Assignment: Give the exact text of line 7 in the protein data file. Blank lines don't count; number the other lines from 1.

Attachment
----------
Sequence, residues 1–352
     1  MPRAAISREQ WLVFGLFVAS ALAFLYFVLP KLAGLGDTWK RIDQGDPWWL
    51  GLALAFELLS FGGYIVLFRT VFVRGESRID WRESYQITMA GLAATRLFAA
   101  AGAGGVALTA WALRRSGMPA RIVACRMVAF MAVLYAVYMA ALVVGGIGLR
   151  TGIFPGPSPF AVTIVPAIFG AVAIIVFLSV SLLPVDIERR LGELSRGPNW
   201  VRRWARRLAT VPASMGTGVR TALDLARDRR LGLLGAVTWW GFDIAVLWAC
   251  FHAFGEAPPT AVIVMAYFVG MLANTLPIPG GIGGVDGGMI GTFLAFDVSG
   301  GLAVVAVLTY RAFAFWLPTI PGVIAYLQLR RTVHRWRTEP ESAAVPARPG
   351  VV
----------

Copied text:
   251  FHAFGEAPPT AVIVMAYFVG MLANTLPIPG GIGGVDGGMI GTFLAFDVSG